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Last Night in the Mojave




Last Night in the Mojave


Just silence beneath silence in the desert
on our last night camped at the ridge of a slow-
sloping ravine.  I watch the plywood faux-village
we geared up and marched into for days, a soft wind
blowing cool dryness over its silhouette in the valley,
the onion dome of the central mosque soaking in
the moon's sliver of light.  For days we've forced
to surrender or killed men, the ex-military
contractors in long white dresses, picnic tablecloth
turbans, willing to shoot blanks from hidden corners,
throw flash-bang bombs, die fake-deaths or be cuffed
with zip ties and marched out of town in the hot sun
for the small fortunes the government pays them.

But that's over -- silence beneath silence now,
only the wind pushing the tent flap where I hear voices
of men playing the cards that appear after training
in lamplight.  In night vision binos only sentient spring
cacti flowers, a shag carpet of sage brush under flitting
bats.  Silence beneath silence -- I think of Henry V
the night before Agincourt moving from campfire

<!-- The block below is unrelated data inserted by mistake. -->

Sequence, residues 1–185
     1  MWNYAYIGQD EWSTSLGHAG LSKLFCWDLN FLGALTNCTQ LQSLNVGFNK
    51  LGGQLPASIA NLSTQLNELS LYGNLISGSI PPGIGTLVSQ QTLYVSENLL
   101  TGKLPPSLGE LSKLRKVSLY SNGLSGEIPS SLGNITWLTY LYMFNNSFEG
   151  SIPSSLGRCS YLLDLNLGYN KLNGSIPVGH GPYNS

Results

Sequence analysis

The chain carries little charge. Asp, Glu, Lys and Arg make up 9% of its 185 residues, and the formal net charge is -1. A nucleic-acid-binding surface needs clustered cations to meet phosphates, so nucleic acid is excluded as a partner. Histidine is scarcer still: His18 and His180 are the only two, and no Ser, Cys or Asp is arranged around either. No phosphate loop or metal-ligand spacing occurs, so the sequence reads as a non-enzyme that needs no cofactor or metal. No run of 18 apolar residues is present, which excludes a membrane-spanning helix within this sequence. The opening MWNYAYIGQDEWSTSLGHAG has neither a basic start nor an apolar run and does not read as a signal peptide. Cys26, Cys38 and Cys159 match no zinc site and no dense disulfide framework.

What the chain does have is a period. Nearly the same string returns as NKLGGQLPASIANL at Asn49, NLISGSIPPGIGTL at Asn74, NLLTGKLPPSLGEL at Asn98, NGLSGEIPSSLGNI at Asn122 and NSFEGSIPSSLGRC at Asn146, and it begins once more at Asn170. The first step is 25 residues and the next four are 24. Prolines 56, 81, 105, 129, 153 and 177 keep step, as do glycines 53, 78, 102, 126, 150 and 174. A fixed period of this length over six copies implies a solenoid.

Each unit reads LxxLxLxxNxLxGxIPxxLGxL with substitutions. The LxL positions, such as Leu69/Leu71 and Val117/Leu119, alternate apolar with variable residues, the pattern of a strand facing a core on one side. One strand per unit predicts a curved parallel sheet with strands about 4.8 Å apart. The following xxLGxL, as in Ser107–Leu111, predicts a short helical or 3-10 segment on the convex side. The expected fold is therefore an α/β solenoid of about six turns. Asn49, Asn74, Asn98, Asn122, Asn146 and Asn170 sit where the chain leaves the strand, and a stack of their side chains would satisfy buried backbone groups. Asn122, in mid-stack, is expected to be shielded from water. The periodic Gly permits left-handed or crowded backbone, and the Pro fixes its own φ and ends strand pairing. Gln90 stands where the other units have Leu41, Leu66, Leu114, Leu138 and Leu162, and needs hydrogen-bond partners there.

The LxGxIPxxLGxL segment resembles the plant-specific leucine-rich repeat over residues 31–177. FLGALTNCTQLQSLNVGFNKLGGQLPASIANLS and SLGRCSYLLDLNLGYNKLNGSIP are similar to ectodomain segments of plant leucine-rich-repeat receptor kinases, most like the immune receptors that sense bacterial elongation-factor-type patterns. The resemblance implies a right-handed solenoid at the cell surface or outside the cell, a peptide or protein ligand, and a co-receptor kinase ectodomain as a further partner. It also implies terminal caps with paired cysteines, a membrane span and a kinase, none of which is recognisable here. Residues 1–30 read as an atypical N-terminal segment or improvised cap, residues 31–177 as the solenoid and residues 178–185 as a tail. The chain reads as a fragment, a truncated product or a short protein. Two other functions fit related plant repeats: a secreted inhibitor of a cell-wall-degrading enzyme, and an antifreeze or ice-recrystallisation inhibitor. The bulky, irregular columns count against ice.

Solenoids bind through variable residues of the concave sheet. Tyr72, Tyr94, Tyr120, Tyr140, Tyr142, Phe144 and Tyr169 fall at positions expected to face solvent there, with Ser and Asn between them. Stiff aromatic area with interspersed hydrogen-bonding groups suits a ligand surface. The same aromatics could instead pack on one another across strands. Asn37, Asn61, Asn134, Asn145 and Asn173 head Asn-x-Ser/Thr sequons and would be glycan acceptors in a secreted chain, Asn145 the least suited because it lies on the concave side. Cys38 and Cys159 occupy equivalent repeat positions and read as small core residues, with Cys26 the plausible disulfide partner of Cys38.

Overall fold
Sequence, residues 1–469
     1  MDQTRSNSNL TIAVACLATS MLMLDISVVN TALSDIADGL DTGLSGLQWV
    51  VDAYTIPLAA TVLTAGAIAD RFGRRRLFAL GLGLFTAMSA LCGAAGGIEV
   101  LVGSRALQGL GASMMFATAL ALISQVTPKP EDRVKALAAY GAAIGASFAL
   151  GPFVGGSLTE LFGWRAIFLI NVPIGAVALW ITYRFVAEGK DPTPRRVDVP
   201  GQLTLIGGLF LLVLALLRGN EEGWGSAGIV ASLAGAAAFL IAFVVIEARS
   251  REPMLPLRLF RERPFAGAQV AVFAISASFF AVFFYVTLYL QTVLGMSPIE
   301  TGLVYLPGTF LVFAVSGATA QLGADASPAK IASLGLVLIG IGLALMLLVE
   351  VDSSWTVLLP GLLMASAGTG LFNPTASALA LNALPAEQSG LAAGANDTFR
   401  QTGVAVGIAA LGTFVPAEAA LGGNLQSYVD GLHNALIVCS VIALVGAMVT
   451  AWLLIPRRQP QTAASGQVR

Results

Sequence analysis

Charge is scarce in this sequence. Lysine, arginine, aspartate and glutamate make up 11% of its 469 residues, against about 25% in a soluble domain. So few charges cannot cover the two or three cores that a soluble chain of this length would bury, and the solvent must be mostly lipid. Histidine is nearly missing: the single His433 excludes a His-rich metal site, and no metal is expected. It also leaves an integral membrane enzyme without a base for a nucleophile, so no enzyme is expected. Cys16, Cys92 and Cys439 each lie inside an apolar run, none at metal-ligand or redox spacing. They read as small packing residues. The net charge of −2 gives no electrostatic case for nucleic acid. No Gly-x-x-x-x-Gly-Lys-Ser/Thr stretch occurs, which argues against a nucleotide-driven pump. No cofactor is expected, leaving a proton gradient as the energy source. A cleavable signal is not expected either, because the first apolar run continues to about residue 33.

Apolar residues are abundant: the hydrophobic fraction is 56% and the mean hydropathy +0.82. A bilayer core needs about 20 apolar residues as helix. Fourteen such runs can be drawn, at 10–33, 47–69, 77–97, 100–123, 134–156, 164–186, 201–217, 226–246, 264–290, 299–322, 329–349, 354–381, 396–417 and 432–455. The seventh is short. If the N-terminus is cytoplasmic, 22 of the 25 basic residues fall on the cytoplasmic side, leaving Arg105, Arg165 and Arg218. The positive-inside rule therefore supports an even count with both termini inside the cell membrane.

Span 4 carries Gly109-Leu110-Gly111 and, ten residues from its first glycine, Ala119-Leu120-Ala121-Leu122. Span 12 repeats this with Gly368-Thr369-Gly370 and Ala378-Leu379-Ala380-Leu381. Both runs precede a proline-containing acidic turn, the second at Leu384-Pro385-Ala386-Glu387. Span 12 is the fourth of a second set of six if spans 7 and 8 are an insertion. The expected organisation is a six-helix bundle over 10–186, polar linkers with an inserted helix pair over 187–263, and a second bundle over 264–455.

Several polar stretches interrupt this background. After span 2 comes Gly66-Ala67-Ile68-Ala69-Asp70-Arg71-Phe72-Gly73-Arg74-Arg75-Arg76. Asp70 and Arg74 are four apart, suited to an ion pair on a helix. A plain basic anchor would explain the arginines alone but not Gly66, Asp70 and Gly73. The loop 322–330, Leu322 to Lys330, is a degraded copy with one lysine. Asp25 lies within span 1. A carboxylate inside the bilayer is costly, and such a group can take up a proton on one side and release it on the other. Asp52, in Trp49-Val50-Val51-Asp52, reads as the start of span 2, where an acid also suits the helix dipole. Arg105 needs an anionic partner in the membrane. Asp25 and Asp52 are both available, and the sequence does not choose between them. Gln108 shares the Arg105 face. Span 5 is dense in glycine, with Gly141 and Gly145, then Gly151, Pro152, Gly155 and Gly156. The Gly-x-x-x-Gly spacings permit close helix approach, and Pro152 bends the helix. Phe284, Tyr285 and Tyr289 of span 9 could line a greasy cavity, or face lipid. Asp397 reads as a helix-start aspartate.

to campfire in a quiet like this.  In a week we board
planes for Iraq and the thought brings a pressing of fear:
facing real bullets and bombs, really killing men.  But,
tonight, nothing that startles me, just night's shadows
standing watch under stars over a wild desert's
nocturnal secrets.



 Steven Croft



An Army combat veteran, Steven Croft lives on a barrier island off the coast of Georgia on a property lush with vegetation. He has recent work in Willawaw Journal, Sky Island Journal, So It Goes: The Literary Journal of the Kurt Vonnegut Memorial Library, Third Wednesday, Red Eft Review, San Pedro River Review, Poets Reading the News, Gyroscope Review, and other places. 

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2 Comments

  1. Another winner representing the uninformed man. Keep up the good work.

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  2. I so enjoyed this. The reference to Henry V was a
    magnificent touch.

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